In short, an issuer in a Rule 506 offering should be permitted to establish the reasonableness of its belief in an investor’s accredited-investor status in either of two ways, neither of which ways will depend on how the investor learned of the offering: (1) by complying with the Commission’s “reasonable steps to verify” requirements, whatever they may turn out to be; or (2) by establishing the existence of a pre-existing relationship between the issuer (or its representative) and the investor (supplemented when appropriate by additional status-verification steps as already required under Rule 506) sufficient to satisfy the “reasonably believes” prong of Rule 501(a) without regard to the Commission’s new “reasonable steps to verify” requirements. Obviously only the first choice will be available for a “stranger” investor and the need for it will arise only in an offering that employs “general solicitation or general advertising,” while either choice will be available for a “non-stranger” investor, regardless of whether the offering employs “general solicitation or general advertising.”

Implicit in these alternatives is my sole concern here: to ensure that the key distinction emerging from the JOBS Act’s elimination of the prohibition against “general solicitation or general advertising” – the distinction between “stranger” investors and “non-stranger” investors – is highlighted by the Commission when it adopts its “reasonable steps to verify” requirements pursuant to JOBS Act Section 201(a)(1). The wording of Congress’ directive in Section 201(a)(1) unquestionably permits the Commission to draw this distinction. The Commission thus should make clear that, whether or not “general solicitation or general advertising” is used in a Rule 506 offering, the Commission’s new “reasonable steps to verify” requirements will not apply to an investor if the issuer would have had a reasonable basis to believe the investor was accredited had the offering instead been made, without any general solicitation or general advertising, under Rule 506 without regard to the Commission’s “reasonable steps to verify” requirements adopted pursuant to JOBS Act Section 201(a)(1) (though with due regard, of course, to the remaining requirements of the “reasonably believes” prong of Rule 501(a) – including “status-verification” requirements as they exist today and may evolve independently of the Commission’s “reasonable steps to verify” requirements applicable only to “stranger” investors).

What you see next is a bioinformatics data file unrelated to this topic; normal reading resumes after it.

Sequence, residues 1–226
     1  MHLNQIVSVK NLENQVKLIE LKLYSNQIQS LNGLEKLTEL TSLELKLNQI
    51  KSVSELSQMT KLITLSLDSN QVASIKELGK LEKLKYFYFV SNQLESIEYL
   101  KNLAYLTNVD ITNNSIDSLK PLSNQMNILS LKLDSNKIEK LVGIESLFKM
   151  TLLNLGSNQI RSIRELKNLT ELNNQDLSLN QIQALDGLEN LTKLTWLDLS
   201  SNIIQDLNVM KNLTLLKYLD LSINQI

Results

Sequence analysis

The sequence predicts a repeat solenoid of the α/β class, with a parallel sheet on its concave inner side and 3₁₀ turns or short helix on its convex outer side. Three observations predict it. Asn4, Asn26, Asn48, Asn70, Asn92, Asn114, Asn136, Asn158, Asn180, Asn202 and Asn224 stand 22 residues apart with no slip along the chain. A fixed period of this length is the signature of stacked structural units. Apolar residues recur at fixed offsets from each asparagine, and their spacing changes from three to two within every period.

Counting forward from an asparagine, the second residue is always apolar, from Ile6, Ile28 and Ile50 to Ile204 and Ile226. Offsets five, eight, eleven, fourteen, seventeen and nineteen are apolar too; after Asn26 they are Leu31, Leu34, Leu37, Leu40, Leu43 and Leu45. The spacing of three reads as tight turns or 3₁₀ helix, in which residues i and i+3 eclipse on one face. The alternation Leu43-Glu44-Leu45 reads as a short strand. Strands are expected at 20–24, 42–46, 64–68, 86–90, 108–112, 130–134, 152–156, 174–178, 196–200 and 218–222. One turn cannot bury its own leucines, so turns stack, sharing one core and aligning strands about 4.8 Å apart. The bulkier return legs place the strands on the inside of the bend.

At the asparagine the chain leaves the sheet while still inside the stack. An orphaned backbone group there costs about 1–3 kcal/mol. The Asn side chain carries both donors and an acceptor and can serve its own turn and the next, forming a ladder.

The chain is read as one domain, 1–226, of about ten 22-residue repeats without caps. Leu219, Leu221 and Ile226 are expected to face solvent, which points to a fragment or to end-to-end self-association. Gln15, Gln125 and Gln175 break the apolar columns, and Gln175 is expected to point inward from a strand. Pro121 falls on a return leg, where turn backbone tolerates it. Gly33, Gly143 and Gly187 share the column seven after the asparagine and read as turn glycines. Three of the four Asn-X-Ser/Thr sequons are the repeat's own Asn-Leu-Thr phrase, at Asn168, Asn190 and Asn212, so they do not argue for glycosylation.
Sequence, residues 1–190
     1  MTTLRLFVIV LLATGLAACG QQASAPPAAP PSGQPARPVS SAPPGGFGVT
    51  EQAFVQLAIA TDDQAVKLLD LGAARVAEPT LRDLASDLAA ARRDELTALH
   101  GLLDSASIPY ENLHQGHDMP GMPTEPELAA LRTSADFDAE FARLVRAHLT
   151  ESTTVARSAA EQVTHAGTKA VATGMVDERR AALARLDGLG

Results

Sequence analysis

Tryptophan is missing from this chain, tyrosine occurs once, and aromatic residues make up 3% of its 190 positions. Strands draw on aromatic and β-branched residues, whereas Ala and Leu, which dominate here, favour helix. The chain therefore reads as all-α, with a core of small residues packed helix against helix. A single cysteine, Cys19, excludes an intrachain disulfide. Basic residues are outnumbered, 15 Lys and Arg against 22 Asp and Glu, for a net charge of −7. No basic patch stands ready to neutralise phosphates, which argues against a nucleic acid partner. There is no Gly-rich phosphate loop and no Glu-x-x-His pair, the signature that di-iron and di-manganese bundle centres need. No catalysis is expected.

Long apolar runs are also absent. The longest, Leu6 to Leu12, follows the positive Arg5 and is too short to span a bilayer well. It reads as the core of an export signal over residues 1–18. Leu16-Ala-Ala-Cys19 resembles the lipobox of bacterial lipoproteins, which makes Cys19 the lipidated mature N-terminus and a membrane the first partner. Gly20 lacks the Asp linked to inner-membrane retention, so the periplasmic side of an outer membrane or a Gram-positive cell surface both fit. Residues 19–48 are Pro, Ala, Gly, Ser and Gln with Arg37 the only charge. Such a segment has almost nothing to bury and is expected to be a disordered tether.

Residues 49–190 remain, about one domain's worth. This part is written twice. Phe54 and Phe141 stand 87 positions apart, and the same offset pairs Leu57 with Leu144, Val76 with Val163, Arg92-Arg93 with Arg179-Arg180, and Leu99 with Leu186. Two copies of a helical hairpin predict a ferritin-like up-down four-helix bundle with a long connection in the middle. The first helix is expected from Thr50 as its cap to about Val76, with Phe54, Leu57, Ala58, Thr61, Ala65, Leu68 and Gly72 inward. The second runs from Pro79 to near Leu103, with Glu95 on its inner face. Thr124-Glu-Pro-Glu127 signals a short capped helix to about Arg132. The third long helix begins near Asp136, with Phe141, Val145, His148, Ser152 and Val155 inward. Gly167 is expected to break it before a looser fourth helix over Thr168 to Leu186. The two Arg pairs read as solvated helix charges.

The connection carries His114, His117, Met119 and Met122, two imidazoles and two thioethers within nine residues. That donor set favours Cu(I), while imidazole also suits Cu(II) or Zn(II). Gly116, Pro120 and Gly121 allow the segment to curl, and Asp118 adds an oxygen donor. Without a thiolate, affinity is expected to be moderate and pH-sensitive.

If this distinction is not made clear, Section 201(a)(1) of the JOBS Act, ironically, could make it more difficult, not less, for issuers to raise capital in a Rule 506 offering than is the case today. This unintended consequence could be especially troubling for sponsors of hedge funds and other private investment funds, many of whom have long-standing relationships with sophisticated investors who predictably will balk at the additional intrusion or burden imposed by whatever new “reasonable steps” the Commission may require to verify the “accredited investor” status of “stranger” investors.

/s/ Eric A. Brill

Eric A. Brill

EAB: jy

© Eric A. Brill 2017